I had the pleasure of presenting at the American Sociological Conference last August in San Francisco with a panel of several talented female scholars in the field of Animals & Society. One such presentation, that of Racine Jacques, a Ph.D. student at the University of Central Florida, especially caught my attention because of its implications for vegan feminist theory. Ms. Jacques had discovered a very strong relationship between rape and the presence of “beef” slaughterhouses in the community. This relationship remained strong even when controlling for a number of other variables typically responsible for increases in crime rates. She reports that the presence of a slaughterhouse corresponds with a 166% increase in arrests for rape. Her study looks at other forms of crime, but rape stands out as especially significant.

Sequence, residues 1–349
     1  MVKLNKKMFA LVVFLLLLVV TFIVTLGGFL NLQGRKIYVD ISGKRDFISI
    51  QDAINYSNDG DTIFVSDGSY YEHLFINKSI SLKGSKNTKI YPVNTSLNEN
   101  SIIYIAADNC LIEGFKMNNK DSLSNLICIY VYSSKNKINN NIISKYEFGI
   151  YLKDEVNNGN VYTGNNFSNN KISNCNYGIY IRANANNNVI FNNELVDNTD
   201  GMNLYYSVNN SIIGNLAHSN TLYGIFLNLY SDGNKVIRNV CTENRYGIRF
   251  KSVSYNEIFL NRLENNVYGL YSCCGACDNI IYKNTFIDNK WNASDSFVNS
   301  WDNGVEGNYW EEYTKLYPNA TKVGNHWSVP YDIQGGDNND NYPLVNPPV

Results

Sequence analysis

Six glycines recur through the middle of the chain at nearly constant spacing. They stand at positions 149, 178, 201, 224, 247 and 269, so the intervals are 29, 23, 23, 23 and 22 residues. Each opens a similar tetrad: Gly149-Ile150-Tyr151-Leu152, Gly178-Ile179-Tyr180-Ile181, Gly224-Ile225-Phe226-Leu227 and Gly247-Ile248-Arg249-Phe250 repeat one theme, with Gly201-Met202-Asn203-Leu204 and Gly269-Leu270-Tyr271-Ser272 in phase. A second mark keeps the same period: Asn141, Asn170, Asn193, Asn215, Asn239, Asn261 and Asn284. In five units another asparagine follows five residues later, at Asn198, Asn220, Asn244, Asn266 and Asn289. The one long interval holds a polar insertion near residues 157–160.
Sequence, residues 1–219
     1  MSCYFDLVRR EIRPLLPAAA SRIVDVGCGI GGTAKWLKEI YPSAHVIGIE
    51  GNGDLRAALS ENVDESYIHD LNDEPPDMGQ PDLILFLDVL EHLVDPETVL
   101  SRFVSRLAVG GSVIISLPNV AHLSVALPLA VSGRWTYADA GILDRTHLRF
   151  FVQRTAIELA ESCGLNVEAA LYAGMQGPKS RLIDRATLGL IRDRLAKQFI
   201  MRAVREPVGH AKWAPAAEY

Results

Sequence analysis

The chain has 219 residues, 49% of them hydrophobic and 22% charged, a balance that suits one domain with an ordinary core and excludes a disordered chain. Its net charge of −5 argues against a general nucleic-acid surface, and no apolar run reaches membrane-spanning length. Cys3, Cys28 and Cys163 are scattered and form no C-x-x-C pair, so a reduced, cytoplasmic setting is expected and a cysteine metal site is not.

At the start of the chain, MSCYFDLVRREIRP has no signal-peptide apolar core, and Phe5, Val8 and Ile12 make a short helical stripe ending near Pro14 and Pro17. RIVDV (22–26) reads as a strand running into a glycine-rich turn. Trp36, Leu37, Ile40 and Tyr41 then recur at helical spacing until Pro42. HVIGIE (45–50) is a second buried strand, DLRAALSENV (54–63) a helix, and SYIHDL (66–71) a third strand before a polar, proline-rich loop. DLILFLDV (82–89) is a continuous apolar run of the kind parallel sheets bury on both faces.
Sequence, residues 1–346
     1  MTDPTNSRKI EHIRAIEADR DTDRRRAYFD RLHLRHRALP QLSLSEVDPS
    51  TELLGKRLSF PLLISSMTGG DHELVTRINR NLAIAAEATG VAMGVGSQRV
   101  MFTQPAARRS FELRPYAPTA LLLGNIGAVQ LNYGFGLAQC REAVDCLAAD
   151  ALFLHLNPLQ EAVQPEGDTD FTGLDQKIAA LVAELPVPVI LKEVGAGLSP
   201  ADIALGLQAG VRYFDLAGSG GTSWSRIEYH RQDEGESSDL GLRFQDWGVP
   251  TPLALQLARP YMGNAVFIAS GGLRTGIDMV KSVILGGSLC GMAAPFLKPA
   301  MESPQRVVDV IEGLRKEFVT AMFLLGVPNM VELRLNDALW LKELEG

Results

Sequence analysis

This study partially confirms what vegan feminist scholars have been theorizing for some decades: Violence against women and violence against animals are closely entangled and likely aggravated by patriarchal rule and capitalist economics. In a society where the bodies of women and other animals are considered commodities and resources for the privileged, it should come as no surprise to find intersections of violence.
Ms. Racine’s study, “Social Disorganization in Slaughterhouse Communities,” is due to be published in an upcoming issue of Society & Animals. A more nuanced discussion of the race and class oppression felt by the slaughterhouse workers themselves is included in her analysis.